It is obviously a project in flux. The end designs have not been determined, and I am leaving it to some degree to the many variables that enter into the equation. In that sense it’s a very organic process. The joy is in the hard work and the extraction of ones own materials. And let’s not forget the euphoria that comes from camping in the great outdoors for 5 weeks on end, cutting firewood, clearing brush, stoking campfires and cooking rough.
I was so busy I neglected to post anything about a brief stint last year as Set Designer for the Dutch feature film Bloed, Zweet & Tranen about the life of the popular blue-collar folk-hero and singer Andre Hazes. The sets were simple, under the direction of production designer and old colleague/friend Alfred Schaaf. Alfred called to see if I was interested in a bit of work, and since it had been so long since I had done proper film work as a designer, it seemed like it could be fun. We recreated an old record store, a music studio, a television studio and some older apartment buildings in the (then) working class neighborhood of Amsterdam, De Pijp. And in the end I got to do some handwork as well, painting a 3×3 meter canvas as an artistic early 60’s backdrop in a film studio.
This year’s edition of the Amsterdam Light Festival will include another work by Todd van Hulzen and Studio Louter. This year we’ve created a projection on the round surface of Renzo Piano’s NEMO Science Center, which people also call the “bow”, as in ship’s bow.
The objective was to make a sliding graphic for a beamer that projects through rolls of acetate, something like a cross between a conventional slide projector and a film roll. The result is an analog scrolling animation. We did the work on invitation from NEMO itself and were supplied with a projector from the vendor Pani. We were asked to make a design that was relevant somehow to the current exhibition “Wereld van Vormen”, an exhibit on the subject of mathematics and geometry. Since we were the ones to actually do the design of that show, it all just kind of fell into place. Although, not without due effort.
The concept is that the world can be broken down into mathematical elements and pure shapes. We’ve chosen to create an abstraction of the city, in particular a city like Amsterdam. There are some bridges and stepped gables, and at the end the buildings pull out of frame and reveal the piles upon which they are built.
See this fantastic time-lapse film of the festival. Our project is at 1:01.
World of Shapes is the name of a big, new, permanent exhibition designed by Todd van Hulzen Design at NEMO Science Center in Amsterdam. Wereld van Vormen, in Dutch, is all about geometry, mathematics and the world we live in. The “soft” opening was Thursday 24 September, and even though there are a few elements that need fine tuning after the work crews leave, it’s up and running and can already be visited during normal hours. When the final batch of spotlights arrive we can put the cherry on the cake, as it were.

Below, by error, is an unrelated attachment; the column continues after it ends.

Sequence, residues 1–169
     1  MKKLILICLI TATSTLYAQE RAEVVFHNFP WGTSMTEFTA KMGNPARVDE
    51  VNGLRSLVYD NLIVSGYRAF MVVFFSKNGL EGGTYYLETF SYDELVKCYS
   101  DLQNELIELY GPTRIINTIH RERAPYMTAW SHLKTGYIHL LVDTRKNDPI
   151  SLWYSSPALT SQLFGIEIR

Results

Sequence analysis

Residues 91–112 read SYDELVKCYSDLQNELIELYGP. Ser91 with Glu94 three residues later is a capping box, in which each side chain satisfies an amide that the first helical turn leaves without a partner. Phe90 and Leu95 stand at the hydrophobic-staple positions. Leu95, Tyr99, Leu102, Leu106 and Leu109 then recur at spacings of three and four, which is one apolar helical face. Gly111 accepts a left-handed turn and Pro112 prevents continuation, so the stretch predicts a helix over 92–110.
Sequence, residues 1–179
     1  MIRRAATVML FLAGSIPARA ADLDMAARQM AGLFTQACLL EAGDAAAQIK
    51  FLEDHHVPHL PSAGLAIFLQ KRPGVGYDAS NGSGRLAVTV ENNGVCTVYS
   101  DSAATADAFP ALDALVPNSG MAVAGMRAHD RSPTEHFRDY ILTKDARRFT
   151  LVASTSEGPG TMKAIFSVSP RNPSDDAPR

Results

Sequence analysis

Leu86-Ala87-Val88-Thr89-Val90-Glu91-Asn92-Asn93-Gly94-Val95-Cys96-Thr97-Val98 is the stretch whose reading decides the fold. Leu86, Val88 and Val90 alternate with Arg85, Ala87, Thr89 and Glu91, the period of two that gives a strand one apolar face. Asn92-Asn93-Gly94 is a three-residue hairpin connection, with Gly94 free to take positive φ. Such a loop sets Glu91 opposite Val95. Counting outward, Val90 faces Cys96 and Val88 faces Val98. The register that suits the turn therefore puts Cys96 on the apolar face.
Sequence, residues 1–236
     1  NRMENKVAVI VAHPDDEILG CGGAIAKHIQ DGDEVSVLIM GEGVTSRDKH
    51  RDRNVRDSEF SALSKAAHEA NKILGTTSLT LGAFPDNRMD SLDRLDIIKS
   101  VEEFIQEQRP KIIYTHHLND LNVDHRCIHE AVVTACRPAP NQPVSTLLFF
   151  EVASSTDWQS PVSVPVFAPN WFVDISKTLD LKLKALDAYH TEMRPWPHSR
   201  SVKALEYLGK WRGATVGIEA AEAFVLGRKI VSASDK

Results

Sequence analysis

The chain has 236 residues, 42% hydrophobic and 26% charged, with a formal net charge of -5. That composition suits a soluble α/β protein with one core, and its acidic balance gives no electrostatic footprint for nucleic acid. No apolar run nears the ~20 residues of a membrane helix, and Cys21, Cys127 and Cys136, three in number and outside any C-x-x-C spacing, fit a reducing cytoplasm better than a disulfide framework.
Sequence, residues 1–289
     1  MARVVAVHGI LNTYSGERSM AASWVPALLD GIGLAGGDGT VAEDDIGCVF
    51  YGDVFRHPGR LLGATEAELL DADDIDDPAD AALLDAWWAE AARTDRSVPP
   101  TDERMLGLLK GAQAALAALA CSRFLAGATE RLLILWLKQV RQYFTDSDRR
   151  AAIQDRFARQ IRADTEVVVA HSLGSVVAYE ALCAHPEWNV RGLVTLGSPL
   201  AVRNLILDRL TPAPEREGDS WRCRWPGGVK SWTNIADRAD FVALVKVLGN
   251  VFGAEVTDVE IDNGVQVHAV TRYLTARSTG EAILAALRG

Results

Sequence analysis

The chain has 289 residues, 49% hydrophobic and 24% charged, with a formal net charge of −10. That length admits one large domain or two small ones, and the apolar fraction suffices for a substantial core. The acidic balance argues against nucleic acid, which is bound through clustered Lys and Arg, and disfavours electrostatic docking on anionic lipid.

Everything around us is either made of geometry of can be reduced to a kind of mathematics. But the world of mathematics, particularly from a classical standpoint, encompasses more that just numbers and angles, it also includes such almost arcane subjects as proportions, perspective and optical illusions. Even phenomena that seem to be mere matters of perception can be explained through the clarity of mathematics and accurate measurement.
Todd van Hulzen design created the designs for the ‘decor’ of the exhibition. But first we came up with the overall “total concept” in cooperation with our dependable creative partner Studio Louter. Studio Louter also created the marvelous digital applications and interactive games. Drumming up a complete concept is harder than it may look, considering all of the disparate parts involved. We unified it in this case with the Universal, meaning we created a kind of self referential world all constructed out of triangles and hexagons. In fact we created something that had never really been done at NEMO, and that is create an exhibit that is truly a sum of its parts instead of a collection of loose interactive elements. The client was thrilled, the visitors are entertained, and we are taking a deep breath until the next project.
That marvelous, terrifying moment has arrived for our project at the NEMO Science Center: the first concrete installations are taking place. No longer a design process in which to endlessly vacillate between possibilities, we now have incontrovertible real objects being installed and constructed. The exhibit furniture and elements are being constructed in Nüremburg, Germany, while the new inlaid linoleum floor is being installed on location at NEMO. Progress, people! After September 20 on view for the public in all its glory.
It’s rare that I do any sculpture work anymore for film like I used to. But this particular assignment really appealed to me for reasons that have nothing to do with money: recreate the stern carvings of the royal flagship that Michiel De Ruyter seized and towed from Chatham during his great naval triumph over the English at the Raid of the Medway in 1667. It just seemed to historically interesting to ignore. The film in question is the Dutch production “Michiel de Ruyter” being filmed in Zeeland (the Dutch province) and the wharves of Lelystad. But the relevant scene concerns De Ruyter’s presentation of his trophy, the royal stern carvings, to the States General of the United Provinces, which was the republican government of the Netherlands at the time. This was being filmed in gothic city hall of Middelburg in Zeeland.
The original stern carvings, or “counter” as it’s officially called, are hanging in the Rijksmuseum in Amsterdam in a gallery devoted to the De Ruyter era. I had to scale it down a little bit for technical reasons (the original is 2½ x 3½ meters) but even making it out of high density polyurethane foam I still had an enormous challenge of volume. With an assistant Rik and some more of the great folks in the De Ruyter art department we managed to get the still wet project in just under the wire. It was heroic! And it looked beautiful in the (artificial) late afternoon light of the location in Middleburg.
Looking forward to viewing the film when it’s released.